Downsides of working with the newest technologies related to DevOps
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Almost all great DevOps engineers want to use the newest technologies and tools. In fact, embracing change and learning new tech is one of the ways a DevOps engineer can stay competitive in the job market.
However, learning new tech isn’t as great as it might seem on the surface. There are valid reasons why companies stick with their older technologies and tools. But some companies that are growing and innovating are look for ways to improve their business by utilizing cutting edge technologies. As a DevOps engineer working for an innovative company, this is great as you get to ensure your skills are up to date. This results in you being more marketable and even commanding a higher salary. However there are burdens of being on the cutting edge of tech as well, and a lot of that burden can fall on you.
There are hidden disadvantages and lots of struggles in learning and implementing your or your client’s new technologies. If you decide to start learning and implementing this new tech without knowing the struggles that come with it, you may find yourself with an unsuccessful implementation, a disappointed boss or client, and even the risk of burnout.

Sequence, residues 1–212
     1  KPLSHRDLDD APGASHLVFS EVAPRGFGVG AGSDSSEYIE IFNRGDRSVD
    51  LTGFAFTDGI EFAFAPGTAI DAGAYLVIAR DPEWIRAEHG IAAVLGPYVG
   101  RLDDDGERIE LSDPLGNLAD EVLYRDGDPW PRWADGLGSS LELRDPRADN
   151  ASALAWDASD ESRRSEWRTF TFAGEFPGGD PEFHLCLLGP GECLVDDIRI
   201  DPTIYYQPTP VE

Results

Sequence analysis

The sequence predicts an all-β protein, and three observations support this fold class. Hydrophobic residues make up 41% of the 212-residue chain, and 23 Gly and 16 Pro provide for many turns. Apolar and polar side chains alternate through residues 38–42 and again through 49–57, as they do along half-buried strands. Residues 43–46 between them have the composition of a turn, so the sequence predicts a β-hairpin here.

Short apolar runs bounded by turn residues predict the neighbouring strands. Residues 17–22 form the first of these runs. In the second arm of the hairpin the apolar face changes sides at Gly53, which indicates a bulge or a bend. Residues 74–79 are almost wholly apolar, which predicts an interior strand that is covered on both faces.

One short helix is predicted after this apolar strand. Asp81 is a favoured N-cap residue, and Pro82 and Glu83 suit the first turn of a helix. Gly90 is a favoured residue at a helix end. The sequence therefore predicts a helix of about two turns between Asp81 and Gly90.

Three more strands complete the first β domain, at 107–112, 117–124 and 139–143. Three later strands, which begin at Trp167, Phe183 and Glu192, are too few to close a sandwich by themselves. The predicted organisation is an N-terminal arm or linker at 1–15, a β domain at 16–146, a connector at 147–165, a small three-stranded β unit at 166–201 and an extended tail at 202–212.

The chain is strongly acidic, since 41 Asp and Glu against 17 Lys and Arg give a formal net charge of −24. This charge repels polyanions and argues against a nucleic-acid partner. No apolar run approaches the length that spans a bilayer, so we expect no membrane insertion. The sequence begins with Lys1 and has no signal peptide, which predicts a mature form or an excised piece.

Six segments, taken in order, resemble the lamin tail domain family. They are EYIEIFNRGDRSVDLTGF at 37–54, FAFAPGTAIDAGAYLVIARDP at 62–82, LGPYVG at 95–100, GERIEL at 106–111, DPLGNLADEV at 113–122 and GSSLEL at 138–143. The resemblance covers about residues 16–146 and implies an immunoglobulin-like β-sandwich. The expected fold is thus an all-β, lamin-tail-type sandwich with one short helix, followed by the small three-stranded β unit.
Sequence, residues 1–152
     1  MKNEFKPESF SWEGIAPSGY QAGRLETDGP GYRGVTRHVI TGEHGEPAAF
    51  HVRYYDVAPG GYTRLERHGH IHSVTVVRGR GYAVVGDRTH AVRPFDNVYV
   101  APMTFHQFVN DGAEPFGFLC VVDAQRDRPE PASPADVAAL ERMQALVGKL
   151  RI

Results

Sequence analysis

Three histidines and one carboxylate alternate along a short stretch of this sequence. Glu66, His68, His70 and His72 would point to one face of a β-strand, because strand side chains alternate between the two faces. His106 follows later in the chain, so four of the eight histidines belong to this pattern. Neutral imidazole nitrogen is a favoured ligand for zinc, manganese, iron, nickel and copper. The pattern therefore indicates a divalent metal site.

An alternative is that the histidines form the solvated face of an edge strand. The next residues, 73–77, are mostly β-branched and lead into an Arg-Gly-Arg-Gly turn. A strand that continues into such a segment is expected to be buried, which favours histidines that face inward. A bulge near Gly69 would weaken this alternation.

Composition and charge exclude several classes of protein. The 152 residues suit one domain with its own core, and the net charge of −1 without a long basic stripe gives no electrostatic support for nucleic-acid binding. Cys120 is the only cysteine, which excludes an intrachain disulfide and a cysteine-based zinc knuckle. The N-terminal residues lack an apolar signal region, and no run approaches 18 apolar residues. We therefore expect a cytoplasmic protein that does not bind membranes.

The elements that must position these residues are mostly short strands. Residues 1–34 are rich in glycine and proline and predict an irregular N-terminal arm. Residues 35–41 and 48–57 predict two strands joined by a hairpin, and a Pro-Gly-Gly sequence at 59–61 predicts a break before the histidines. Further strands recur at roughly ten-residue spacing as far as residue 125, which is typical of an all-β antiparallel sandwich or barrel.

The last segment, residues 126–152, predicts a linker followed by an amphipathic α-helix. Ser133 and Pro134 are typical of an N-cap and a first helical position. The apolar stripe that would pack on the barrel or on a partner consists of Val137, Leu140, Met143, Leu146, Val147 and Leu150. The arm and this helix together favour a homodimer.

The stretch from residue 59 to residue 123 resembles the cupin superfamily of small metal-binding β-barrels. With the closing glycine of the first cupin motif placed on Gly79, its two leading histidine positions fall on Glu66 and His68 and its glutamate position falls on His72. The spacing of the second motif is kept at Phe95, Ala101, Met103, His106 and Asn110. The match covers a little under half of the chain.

However, you can avoid all of this by being aware of these struggles before you begin. Here are the top 5 disadvantages DevOps engineers need to be aware of in using and implementing the newest technology.
Personally, things always take longer to learn that you initially think, and almost always longer than the business thinks. Especially when there is a new piece of technology that no one has worked with and the project deadline doesn’t account for the learning curve. Learning new tools and frameworks is a lot of fun but when time pressures are added to the learning curve things can be stressful.
It isn’t uncommon for DevOps engineers to work an extra 10 to 15+ hours to their already packed week trying to work out the little glitches that often come with less proven technologies.
Even if you have the determination, the desire to learn, and the patience to implement and work through all the bugs, your boss might not. If one of the people you are reporting to within your organization comes from a non-technical background, they might become impatient with the amount of time you are spending and lack of progress.
Reporting the project delays with non-technical stakeholders can be challenging and stressful. Another reason why it’s imperative for DevOps engineers to have well developed soft skills. If you’re unable to communicate to your boss or client on exactly what’s going on, why it is taking longer, or a solution your project could be pulled.
2. Long hours
When working with new technologies and tools it is not uncommon to spend 60-70 hours a work week. Think about it: you need to maintain your normal work, learning the new technologies, talking with stakeholders and fellow engineers, and effectively implementing the new tech. Often, the vendor of the new technology may never have encountered a problem before. So you’re left troubleshooting alongside the vendor to come up with a work around solution. This process can be fun and exhilarating but knowing the trade offs going into working with less proven technology can help.